An amusing article in today’s Wall Street Journal about what happens when close-knit Indian families who run a business together have serious falling outs:
B. Vivekanandhan, the 51-year-old owner of a popular restaurant called Moonrakers, competes fiercely for customers in this southern Indian holiday town. So fiercely, in fact, that fists have flown.
His chief foes are his own flesh-and-blood. His older brother operates a seafood joint called Moonwalkers right across the street. Just down the same lane, his younger brother runs Moonrocks. The menus are nearly identical.
“Sometimes it’s like a street fight,” Mr. Vivekanandhan said. “People say, ‘This is a complicated family. We just came down to eat.’ ”
India prides itself on close-knit families who often live together and run companies side-by-side. All that togetherness can spawn epic business breakups.
Ninety-one percent of companies listed on the Bombay Stock Exchange are family controlled, and nearly all small-to-medium-size companies are owned by families, said Kavil Ramachandran, a professor at the Indian School of Business in Hyderabad. By comparison, about 35% of Fortune 500 companies are family-controlled.
In the southern Indian city of Chennai, rival branches of a family run competing versions of a snack chain, both called The Grand Sweets & Snacks. The founder had two daughters, who split the business about a decade ago after their families clashed. They sliced the original shop in half by hanging plastic sheeting down the middle.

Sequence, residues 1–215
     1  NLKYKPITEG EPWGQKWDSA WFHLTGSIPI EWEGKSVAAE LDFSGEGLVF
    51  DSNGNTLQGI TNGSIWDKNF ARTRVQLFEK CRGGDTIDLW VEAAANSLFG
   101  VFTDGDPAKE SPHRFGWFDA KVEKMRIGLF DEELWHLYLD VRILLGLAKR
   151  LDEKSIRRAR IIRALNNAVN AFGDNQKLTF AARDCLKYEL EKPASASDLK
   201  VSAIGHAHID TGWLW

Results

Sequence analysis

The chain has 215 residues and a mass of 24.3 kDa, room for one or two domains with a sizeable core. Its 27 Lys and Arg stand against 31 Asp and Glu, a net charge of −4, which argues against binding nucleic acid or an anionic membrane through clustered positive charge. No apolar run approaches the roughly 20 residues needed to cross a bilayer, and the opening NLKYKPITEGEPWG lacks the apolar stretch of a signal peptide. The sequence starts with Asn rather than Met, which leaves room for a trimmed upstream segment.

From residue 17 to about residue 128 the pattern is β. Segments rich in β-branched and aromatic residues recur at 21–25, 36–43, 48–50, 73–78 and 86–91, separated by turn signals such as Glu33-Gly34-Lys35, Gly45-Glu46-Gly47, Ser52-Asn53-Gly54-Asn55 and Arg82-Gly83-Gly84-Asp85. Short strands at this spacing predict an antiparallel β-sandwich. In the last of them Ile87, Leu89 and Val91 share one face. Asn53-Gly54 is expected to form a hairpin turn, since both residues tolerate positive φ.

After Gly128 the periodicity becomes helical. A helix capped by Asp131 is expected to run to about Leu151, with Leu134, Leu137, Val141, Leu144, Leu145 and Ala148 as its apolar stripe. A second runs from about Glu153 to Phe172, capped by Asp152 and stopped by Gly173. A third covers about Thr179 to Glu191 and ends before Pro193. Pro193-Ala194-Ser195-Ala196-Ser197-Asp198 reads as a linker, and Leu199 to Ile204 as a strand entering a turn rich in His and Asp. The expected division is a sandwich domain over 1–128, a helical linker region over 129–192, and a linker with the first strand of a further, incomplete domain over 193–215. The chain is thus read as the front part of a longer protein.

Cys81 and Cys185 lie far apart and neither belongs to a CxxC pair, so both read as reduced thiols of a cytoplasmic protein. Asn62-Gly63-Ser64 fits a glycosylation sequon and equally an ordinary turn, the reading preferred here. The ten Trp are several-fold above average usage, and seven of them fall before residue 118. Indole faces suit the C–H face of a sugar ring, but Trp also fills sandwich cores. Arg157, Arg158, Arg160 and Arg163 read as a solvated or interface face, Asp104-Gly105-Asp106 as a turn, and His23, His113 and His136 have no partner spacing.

Priyanga Madhan, the founder’s 38-year-old granddaughter, said the breakup was inevitable because she and her cousins kept fighting over the company’s future. She now runs half of the business on behalf of her mother.
One of her cousins, Saravana Mahesh, 50, said his branch of the family no longer speaks to Mrs. Madhan’s side, even when they run into each other at the flagship shop, now split by a concrete wall. “It is still awkward, even after 12 years,” he said.
Families can be so complicated. And, as I’ve gotten older, I know definitively that most of them are dysfunctional in their own ways.
I remember when I was young and watching the Brady Bunch from the perspective of living with an extremely dysfunctional family, I thought, “Wouldn’t it be nice to have a family like that? Where nobody gets drunks and fights in the front yard so the cops are called, but instead works together to figure out how we’re going band together to help our sister who breaks her nose right before the big prom when Billy the football team captain had just asked her out?”
I’ve known families who approached that level of love and commitment to one another, and they always seemed like aliens. I was always half-expecting the perfect mom and perfect dad and perfect kids to suddenly split in half as aliens shed their human disguises and reveal that it was all an other-wordly field experiment in earth family dynamics.